This is further underlined by the overall trend of the rentals firming up that are expected to remain stable in the near term. Some of the projects which were earlier put on hold due to the uncertainty in the market have also witnessed some activity due to the perceived improvement in the market.

The rental values in the Central Business District (CBD) of NCR appreciated by four per cent while it remained constant in Mumbai, Chennai, Hyderabad and Pune. The CBD of Kolkata witnessed the highest rise both in rental values by 11 pc and capital values by 20 pc during this quarter, although from a low base.

Due to limited leasing activity, the rentals in the Bangalore CBD further corrected by four per cent. Talking specifically about Bangalore, the review shows that the Central Business District (CBD) of MG Road, Richmond Road and Residency Road failed to reflect the overall buoyant market conditions. Absorption was estimated at approximately 0.02 million sq.ft. and around 0.04 million sq.ft. of new Grade A stock was added to the market.

Rental values declined marginally by around four per cent.
Leasing activity in the Non-CBD micro market of Indira Nagar, Koramangala, Old Madras Road and CV Raman Nagar improved with absorption estimated at 0.1 million sq.ft.  This micro market continued to be the preferred destination for companies unable to expand within the CBD because of lack of availability of Grade A space and high rental values.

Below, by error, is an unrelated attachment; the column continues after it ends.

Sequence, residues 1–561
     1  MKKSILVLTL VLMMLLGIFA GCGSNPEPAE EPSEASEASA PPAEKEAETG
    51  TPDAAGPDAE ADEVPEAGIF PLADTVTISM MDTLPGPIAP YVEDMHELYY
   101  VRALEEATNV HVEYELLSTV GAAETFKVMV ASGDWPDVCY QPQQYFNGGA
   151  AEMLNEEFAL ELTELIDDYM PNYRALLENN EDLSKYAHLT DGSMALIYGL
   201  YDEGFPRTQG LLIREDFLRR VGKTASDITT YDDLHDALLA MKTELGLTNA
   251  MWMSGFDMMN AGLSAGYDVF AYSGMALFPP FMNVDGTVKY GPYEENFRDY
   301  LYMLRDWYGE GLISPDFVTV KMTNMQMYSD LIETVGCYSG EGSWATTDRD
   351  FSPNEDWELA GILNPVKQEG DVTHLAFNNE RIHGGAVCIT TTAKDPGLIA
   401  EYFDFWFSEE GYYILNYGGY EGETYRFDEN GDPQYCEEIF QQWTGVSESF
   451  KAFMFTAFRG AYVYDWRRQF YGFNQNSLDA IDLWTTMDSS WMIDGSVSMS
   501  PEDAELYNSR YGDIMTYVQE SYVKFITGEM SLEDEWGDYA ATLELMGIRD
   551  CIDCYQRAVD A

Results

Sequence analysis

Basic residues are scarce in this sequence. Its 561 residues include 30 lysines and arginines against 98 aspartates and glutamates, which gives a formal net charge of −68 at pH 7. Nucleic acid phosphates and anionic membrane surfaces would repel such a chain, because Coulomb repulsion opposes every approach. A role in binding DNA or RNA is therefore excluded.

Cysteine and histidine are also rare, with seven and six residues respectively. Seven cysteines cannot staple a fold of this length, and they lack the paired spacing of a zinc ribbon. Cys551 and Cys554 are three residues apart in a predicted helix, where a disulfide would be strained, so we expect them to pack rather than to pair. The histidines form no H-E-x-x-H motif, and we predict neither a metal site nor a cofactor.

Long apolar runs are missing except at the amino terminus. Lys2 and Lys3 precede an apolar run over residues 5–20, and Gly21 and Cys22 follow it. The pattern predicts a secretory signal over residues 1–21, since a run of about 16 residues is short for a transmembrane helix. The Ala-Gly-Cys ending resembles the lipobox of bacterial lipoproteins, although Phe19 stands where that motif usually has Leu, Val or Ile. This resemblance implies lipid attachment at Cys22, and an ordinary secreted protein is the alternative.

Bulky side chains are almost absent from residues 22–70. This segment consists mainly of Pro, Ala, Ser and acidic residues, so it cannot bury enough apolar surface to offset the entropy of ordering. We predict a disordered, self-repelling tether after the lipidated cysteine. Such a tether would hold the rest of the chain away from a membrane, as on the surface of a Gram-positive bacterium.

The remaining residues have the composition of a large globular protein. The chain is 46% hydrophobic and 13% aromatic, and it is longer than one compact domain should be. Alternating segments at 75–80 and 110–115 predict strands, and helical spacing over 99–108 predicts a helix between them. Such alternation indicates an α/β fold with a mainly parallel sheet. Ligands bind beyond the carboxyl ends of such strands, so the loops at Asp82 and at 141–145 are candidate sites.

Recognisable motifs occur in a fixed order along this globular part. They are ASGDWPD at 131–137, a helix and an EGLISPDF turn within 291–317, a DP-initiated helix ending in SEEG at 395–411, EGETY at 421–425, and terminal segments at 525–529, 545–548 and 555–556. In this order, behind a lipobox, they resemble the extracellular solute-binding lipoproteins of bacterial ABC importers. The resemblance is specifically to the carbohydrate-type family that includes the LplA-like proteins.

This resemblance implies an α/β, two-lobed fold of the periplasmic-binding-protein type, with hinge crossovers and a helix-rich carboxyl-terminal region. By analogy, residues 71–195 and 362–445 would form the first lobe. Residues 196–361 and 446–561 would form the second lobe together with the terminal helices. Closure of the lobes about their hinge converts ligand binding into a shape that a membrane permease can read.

Contrary to the robust activity that was registered in the last two quarters of 2009, the South Bangalore micro market of Bannerghatta Road, JP Nagar, Jayanagar and Mysore Road did not witness any significant activity in the review period.

Leasing activity in the Peripheral Business District (PBD) of Outer Ring Road (ORR), Whitefield, Electronic City and North Bangalore witnessed improvement over the last quarter. The micro market remained oversupplied as developers were forced to complete projects in order to comply with government undertakings and investor commitments, despite low level of end-user interest.

The Outer Ring Road (ORR) stretch between KR Puram Junction and Sarjapur Road witnessed absorption of approximately 0.20 million sq.ft. This micro market contains a strong pipeline of SEZ space, which is emerging as a focal area for companies evaluating long term expansions and consolidation opportunities. Rental values declined by around five per cent, influenced largely by surplus ready stock.

A few isolated but fairly large transactions were concluded in the Whitefield micro market in the first quarter, which otherwise remained oversupplied. Approximately 0.26 million sq.ft of fresh stock was added to the market, while absorption was estimated at around 0.51 million sq.ft.

Total absorption in the Electronic City was estimated at approximately 0.1 million sq.ft. and approximately 0.11 million sq.ft. of fresh Grade A supply was released; rental values declined by around four per cent q-o-q. The North Bangalore micro market remained largely insulated from any kind of notable leasing activity.